Here’s why visualisation is a life skill every young person needs to learn

Goal-setting focuses your mind and provides a roadmap, says the writer. Stock photo.
Goal-setting focuses your mind and provides a roadmap, says the writer. Stock photo.
Image: 123rf

When you have a plan for your life worked out, the “what’s next” question can be innocuous small talk. But when you don’t, it can be a source of anxiety and sadness.

You may feel like you’re drifting through life without purpose or direction and maybe even like you’re being left behind as people around you forge careers, see the world or get married and have children. If you had an idea of what you thought your life might look like but you’ve experienced a setback such as a break-up or losing your job, that little question can feel especially triggering.

This is where digital wellbeing platform soSerene's team believes visualisation can come in handy.

“You need to see it before you can do it; it’s as simple as that,” says Duncan Woods, human performance coach and executive coaching consultant to soSerene

“Knowing what you want is probably the most helpful framing you can provide for yourself and visualisation then becomes important for sustaining that vision and making it real.”

Woods says visualisation as a powerful tool is assisted by how the brain works.

“Studies have shown the brain struggles to distinguish between visualised and actual experiences. So, when you form a vivid picture in your mind of what you want to create for yourself, your brain experiences that vision as reality — making it easier for you to work out how to make it come true.

“Establishing what you are looking for and having a helpful practice to connect with it regularly is why visualisation is one of the most valuable personal growth techniques.”


Woods uses a technique called WOOP, developed by German psychologist Gabriele Oettingen. It comprises four steps:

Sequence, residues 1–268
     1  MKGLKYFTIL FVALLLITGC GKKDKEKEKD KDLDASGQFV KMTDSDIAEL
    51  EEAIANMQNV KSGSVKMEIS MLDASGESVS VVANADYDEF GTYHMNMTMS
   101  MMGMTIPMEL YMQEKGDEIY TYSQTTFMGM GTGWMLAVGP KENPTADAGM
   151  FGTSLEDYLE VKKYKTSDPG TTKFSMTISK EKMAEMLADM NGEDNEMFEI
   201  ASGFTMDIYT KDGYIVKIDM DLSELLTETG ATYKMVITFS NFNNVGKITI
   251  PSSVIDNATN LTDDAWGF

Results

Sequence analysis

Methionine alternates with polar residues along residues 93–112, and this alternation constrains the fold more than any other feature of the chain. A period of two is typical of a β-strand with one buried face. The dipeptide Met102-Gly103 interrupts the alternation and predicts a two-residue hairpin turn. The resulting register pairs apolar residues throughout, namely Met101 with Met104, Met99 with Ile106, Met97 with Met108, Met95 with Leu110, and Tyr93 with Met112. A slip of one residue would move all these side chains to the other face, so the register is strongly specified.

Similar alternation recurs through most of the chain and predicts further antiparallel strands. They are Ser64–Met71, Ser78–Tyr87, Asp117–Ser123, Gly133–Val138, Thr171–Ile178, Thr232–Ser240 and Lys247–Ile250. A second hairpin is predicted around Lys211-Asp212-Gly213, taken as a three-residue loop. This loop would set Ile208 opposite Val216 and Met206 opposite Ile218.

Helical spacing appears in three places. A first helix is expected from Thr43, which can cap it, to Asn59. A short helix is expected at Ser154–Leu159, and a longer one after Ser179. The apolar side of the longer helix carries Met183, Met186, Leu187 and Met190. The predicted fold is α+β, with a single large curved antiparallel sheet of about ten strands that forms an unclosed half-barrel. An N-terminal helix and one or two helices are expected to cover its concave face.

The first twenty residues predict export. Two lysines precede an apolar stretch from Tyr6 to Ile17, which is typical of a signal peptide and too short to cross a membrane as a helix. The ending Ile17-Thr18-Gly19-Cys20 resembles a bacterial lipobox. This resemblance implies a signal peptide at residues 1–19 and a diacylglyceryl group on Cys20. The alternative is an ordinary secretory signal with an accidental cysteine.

• Wish: Define what it is that you want. This becomes the basis for your visualisation.
  • Outcome: Connect with how it will feel and what it will mean to you if you could achieve your goal.
  • Obstacle: Pragmatically address doubts or barriers that exist.
  • Plan: Build a plan that’s fuelled by a clearly defined wish, a strong connection with why that is important and frank troubleshooting around what is standing in the way.

Woods recommends starting with WOOP because filtering your goal through the different steps with discipline and focus allows you to strengthen your visualisation and troubleshoot it so it moves from a wish into a real possibility. 

“Once you’ve gone through WOOP, start the visualising of the end goal and outcome and then see yourself doing the parts of the plan you have created.”


Woods offers these tips to help you bring your visualisation to life through storytelling:

  • Start at the end: Imagine you have reached your goal and then document the journey you walked through life to get to that point.
  • Write in the third person: “It may feel strange, but one of the odd things about humans is we seem to treat others with more care and respect than we do ourselves. So, directing your self-talk as if you were encouraging someone else will feel more useful and more constructive than letting the chatter in your head go unfiltered,” says Woods.
  • Keep at it: Like building any meaningful habit to improve your life, consistency and frequency are key. You won’t build a strong and supportive self-narrative by doing these exercises too few and far in between. A once a week check-in on your picture of success will go a long way to focusing the mind and building a strong narrative.



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